Ellen is 17. In many ways, she’s a typical teenager. But her disability means that she often feels excluded from activities that her peers take for granted.
This is her story, as told by mum Ali.
Ellen has general mobility problems. Her disability doesn’t have a name. She was born with congenital dislocation of the hip, a rare deformity of the talus bone in both feet, and mild arthrogryposis, which gives her restricted movement in her limbs, especially her arms.
Ellen had surgery twice before the age of three, and spent many months in plaster. She needs help with moving around and uses a walker and a wheelchair, all provided by the NHS. Ellen also needs help with dressing, and wears special orthotic shoes and a brace on one leg. If she falls over she can’t get up, and she can’t climb stairs.
Yet her cheery personality has an impact wherever she goes. People can’t fail to be impressed by a girl who makes so much effort to do things that others take for granted. Ellen enjoys swimming for exercise. However, she needs an accessible pool with a hoist or gradual steps or ramp, a large disabled changing room so that we can help her get changed and dressed, and a disabled loo.
Finding accessible venues is always a challenge. Cafes, restaurants and even shops sometimes pay lip service to disabled customers’ needs. Having enough space between aisles and between tables and chairs can be problematic. Lack of disabled parking and abuse of parking spaces by lazy and inconsiderate drivers is a constant thorn in our side.
The range of activities we can all enjoy together is limited but we all like music and attending concerts and festivals. Again we have to make sure the venue has accessible seats and a disabled loo. Some venues provide a free carer place which is much appreciated. Most beaches in this country are ruled out. On the Continent, many resorts make an effort with wooden boardwalks and disabled portaloos, but that is very rare in the UK. Ellen, whose walker and wheelchair don’t work on sand, has rarely felt the sand beneath her toes.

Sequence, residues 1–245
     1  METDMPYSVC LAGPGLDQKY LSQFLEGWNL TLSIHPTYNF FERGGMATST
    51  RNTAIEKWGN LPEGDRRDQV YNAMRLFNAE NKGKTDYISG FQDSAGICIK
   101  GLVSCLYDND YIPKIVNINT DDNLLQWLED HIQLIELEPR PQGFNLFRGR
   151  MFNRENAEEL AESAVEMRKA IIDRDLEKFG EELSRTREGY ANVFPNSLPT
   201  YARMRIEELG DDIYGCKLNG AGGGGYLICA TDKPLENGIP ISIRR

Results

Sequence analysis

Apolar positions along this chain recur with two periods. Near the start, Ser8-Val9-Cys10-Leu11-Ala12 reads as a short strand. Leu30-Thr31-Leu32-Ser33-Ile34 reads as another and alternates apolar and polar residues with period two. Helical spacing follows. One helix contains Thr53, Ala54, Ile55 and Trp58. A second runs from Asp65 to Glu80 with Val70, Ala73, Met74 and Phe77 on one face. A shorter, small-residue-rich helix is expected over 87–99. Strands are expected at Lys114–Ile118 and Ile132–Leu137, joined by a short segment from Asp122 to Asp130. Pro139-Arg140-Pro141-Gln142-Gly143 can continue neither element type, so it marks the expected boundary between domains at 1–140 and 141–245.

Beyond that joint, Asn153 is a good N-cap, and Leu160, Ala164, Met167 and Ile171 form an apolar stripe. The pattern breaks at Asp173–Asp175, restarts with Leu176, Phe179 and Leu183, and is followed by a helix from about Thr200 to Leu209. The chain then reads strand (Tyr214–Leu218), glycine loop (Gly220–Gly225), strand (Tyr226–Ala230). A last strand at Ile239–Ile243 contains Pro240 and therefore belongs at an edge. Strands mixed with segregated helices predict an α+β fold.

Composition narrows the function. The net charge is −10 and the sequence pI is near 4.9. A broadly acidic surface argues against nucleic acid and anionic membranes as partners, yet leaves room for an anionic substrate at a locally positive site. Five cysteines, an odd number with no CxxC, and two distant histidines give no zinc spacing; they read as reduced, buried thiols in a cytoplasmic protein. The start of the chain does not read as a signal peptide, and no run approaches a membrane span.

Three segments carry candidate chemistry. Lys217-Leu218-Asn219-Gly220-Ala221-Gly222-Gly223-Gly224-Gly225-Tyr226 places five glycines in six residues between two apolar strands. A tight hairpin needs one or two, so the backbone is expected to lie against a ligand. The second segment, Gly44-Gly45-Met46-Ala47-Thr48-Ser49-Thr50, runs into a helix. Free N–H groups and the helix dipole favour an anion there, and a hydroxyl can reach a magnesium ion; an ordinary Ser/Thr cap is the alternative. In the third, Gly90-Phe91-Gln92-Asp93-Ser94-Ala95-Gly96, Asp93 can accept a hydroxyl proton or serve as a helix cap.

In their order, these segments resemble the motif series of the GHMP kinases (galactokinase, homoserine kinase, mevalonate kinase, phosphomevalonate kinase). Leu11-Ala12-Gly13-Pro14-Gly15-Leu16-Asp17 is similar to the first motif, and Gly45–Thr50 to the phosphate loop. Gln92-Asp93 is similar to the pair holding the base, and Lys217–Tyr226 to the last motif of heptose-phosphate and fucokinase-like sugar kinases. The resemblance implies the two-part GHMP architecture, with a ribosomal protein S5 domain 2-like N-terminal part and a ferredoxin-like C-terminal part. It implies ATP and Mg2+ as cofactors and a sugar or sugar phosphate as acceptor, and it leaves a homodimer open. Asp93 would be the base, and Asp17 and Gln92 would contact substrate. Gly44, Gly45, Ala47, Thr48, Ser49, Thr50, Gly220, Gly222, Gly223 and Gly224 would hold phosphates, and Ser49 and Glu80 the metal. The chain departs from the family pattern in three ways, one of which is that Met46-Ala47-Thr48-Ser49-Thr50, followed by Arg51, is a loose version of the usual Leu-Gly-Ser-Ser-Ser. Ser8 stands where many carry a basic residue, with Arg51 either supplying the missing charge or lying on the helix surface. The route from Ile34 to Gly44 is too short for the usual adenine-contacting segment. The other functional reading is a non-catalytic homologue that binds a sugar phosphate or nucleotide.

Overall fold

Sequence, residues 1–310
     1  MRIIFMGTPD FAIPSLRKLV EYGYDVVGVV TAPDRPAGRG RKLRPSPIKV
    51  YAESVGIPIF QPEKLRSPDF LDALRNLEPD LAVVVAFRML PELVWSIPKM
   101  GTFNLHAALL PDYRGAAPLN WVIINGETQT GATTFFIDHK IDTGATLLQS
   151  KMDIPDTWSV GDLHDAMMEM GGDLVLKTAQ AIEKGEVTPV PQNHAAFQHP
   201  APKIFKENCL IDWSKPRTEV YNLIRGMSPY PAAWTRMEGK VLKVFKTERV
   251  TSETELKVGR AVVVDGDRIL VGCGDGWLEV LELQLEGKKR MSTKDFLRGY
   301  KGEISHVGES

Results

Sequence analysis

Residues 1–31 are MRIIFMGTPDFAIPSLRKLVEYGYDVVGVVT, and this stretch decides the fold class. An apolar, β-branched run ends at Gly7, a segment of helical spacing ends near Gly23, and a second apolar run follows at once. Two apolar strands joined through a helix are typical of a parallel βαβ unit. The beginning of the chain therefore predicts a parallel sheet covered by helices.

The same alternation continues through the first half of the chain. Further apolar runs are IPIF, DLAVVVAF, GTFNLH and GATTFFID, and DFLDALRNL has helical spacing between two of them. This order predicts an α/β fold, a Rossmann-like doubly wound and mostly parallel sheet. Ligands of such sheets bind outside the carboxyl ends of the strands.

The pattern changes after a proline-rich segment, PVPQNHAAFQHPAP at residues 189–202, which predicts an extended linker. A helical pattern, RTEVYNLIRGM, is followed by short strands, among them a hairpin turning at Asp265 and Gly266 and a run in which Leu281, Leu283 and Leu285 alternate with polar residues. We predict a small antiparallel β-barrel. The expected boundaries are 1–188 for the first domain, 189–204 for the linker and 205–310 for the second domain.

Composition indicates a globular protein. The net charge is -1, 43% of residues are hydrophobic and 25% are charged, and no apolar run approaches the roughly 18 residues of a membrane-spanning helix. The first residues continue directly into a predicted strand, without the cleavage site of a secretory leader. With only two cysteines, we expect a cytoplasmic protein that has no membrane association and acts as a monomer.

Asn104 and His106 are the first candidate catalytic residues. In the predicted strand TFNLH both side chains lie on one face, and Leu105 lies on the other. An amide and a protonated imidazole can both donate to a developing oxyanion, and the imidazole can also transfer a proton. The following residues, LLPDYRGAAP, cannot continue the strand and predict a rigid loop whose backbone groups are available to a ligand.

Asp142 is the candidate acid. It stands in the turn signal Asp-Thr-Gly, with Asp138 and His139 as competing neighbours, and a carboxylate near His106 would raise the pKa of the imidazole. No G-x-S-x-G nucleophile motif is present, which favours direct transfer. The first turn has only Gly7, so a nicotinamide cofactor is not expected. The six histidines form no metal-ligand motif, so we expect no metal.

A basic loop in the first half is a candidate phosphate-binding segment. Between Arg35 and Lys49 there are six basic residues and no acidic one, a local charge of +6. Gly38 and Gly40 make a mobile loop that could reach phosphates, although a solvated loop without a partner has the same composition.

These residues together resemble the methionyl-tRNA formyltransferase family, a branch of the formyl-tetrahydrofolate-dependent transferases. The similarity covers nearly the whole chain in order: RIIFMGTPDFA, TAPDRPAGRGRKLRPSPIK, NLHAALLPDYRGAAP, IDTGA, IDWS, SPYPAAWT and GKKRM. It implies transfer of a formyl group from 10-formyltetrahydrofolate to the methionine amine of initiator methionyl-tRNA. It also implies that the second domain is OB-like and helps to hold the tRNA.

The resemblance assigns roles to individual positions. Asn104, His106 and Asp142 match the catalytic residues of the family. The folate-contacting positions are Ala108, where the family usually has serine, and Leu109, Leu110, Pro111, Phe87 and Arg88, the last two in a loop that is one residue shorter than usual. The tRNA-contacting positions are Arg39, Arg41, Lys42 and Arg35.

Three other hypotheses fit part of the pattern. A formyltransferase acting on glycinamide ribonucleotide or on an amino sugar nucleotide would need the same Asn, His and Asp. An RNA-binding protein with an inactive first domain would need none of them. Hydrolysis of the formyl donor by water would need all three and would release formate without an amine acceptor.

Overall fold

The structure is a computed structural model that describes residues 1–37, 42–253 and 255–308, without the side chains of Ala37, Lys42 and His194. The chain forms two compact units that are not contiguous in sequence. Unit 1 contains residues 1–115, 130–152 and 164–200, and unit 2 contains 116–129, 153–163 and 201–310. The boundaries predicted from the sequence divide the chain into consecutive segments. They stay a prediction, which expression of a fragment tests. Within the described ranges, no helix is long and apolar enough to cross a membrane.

The independence challenge
Most teenagers Ellen’s age would be independent, but Ellen still needs an adult with her. As she’s at the age where it’s embarrassing to have your parents with you, we use money from the government’s direct payments scheme to pay for a carer to escort her. We only get four hours a week. If Ellen had more hours with her carer she could be more independent. Disabled children are like everyone else. They have ambitions and dreams and the desire to work and contribute to the world as everyone else. And they should have the same opportunities as everyone else.
I think that Social Services should have the power to be child-centric – to ask what the child needs and direct resources to make it happen. For example, if a child needs help with weight management, let them have free access to and designated support from local authority leisure centres, swimming pools and relevant accessible exercises classes. If we lived in a more accessible society where inclusion was a priority, then Ellen could contribute more to her local community. She has an amazing, confident personality and if more carer hours were available then Ellen could be more independent.
This is the part of our life that most people simply do not see.